Understanding and Choosing Life Insurance
Don't make these mistakes when buying a life insurance policy
The choices in life insurance policies can seem bewildering, and they are difficult to understand at first glance. It's hard to know exactly where to start.
You should start with a deceptively easy-sounding question: Do you need life insurance at all? Your detailed answer to that question can help you decide what type of life insurance to purchase, assuming you decide you do need it.
If you decide you need life insurance, then your next step is to learn about the different types of life insurance and to make sure you're buying the right type of policy.
Do You Need It?
Life insurance needs vary depending on your personal situation—the people who depend on you. If you have no dependents, you probably don't need life insurance. If you don't generate a significant percentage of your family's income, you may or may not need life insurance.
If your salary is important to supporting your family, paying the mortgage or other recurring bills, or sending your kids to college, you should consider life insurance as a way to ensure these financial obligations are covered in the event of your death.
How Much Do You Need?
It's difficult to apply a rule of thumb because the amount of life insurance you need depends on factors such as your other sources of income, how many dependents you have, your debts, and your lifestyle. However, a general guideline you may find useful is to obtain a policy that would be worth between five and 10 times your annual salary in the event of your death.
Beyond that guideline, you may want to consider consulting a financial planning professional to determine how much coverage to obtain.
Types of Life Policies
Several different types of life insurance policies are available, including whole life, term life, variable life, and universal life.
Whole life offers both a death benefit and cash value but is much more expensive than other types of life insurance.
In traditional whole life insurance policies, your premiums stay the same until you've paid off the policy. The policy itself is in effect until your death, even after you've paid all the premiums.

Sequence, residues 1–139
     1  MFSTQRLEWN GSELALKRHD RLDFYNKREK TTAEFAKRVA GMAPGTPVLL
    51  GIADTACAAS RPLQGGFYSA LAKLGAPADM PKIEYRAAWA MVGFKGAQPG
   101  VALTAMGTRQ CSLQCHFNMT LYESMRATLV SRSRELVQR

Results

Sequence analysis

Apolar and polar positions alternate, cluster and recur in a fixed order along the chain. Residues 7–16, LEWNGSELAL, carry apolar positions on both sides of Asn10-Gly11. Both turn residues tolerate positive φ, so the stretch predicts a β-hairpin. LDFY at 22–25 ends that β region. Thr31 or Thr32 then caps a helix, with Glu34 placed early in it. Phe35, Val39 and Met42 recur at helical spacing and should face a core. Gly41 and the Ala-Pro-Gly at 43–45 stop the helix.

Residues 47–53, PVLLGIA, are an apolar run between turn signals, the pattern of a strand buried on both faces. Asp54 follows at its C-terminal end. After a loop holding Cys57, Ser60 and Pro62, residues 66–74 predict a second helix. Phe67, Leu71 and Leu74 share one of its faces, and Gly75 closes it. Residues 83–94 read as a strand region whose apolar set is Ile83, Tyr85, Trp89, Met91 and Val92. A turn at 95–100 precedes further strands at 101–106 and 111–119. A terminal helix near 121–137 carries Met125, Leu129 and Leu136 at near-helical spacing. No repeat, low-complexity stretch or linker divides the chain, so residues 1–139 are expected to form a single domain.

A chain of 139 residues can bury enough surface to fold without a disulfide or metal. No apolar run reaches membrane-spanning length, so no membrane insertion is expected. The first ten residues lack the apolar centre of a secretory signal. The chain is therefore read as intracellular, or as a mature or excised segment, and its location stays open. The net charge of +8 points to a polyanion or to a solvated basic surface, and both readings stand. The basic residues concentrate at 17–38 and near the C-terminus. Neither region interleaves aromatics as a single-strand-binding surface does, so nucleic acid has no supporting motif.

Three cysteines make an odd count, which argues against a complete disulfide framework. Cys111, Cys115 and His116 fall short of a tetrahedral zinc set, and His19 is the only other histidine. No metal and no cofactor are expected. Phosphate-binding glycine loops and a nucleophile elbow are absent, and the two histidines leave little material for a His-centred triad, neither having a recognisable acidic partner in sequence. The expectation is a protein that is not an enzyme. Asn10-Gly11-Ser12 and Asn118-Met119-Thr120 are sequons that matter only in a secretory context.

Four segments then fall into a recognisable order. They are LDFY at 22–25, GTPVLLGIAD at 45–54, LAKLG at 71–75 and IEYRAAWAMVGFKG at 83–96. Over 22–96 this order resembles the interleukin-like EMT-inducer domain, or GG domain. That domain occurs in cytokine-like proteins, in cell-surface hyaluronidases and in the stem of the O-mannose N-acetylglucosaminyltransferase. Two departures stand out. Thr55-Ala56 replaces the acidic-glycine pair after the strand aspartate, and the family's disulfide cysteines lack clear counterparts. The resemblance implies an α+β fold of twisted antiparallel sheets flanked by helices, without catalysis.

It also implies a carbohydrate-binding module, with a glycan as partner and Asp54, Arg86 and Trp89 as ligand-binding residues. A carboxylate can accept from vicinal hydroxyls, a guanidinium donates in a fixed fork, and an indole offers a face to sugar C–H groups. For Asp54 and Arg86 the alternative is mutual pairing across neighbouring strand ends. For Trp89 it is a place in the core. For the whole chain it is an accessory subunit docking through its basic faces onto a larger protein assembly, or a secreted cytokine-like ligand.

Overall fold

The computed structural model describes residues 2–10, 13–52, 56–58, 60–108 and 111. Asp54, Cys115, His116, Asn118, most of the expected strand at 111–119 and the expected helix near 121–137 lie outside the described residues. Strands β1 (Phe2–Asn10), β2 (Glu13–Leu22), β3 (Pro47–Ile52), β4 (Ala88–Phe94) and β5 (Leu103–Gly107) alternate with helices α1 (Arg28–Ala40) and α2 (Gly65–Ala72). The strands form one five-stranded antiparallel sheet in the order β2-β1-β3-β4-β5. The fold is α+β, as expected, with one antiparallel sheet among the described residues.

This type of life insurance can be expensive because huge commissions (thousands of dollars the first year) and fees limit the cash value in the early years. Since these fees are built into the complex investment formulas, most people don't realize just how much of their money is going into their insurance agent's pockets.
Variable life policies, a form of permanent life insurance, build up a cash reserve that you can invest in any of the choices offered by the insurance company. The value of your cash reserve depends on how well those investments are doing.
You can vary the amount of your premium with universal life insurance policies, another form of permanent life insurance, by using part of your accumulated earnings to cover part of the premium cost. You can also vary the amount of the death benefit. For this flexibility, you'll pay higher administrative fees.
Some experts recommend that if you're under 40 years old and don't have a family disposition for a life-threatening illness, you should opt for term insurance, which offers a death benefit but no cash value.
Life Insurance Costs
The least expensive life insurance is likely to be from your employer's group life insurance plan, assuming your employer offers one. These policies are typically term policies, which means you're covered as long as you work for that employer. Some policies can be converted upon termination.
The cost of other types of life insurance varies greatly, depending on how much you buy, the type of policy you choose, the underwriter's practices, and how much commission the company pays your agent. The underlying costs are based on actuarial tables that project your life expectancy. High-risk individuals, such as those who smoke, are overweight, or have a dangerous occupation or hobby (for example, flying), will pay more.
Life insurance policies often have hidden costs, such as fees and large commissions, that you may not find out about until after you purchase the policy.
There are so many different kinds of life insurance, and so many companies that offer these policies, that you should use a fee-only insurance adviser who, for a fixed fee, will research the various policies available to you and recommend the one that best suits your needs. To ensure objectivity, your adviser should not be affiliated with any particular insurance company and should not receive a commission from any policy.
A healthy 30-year-old man could expect to pay approximately $300 a year for $300,000 of term life insurance. To receive the same amount of coverage under a cash value policy would cost over $3,000.
The Bottom Line
When choosing life insurance, use the internet's resources to educate yourself about life insurance basics, find a broker you trust, then have the recommended policies evaluated by a fee-only insurance adviser.
Internationally known financial adviser Suze Orman strongly believes that if you want insurance, buy term; if you want an investment, buy an investment, not insurance. Don't mix the two. Unless you're a very savvy investor and understand all the implications of the various types of life insurance policies, you most likely should purchase term life insurance.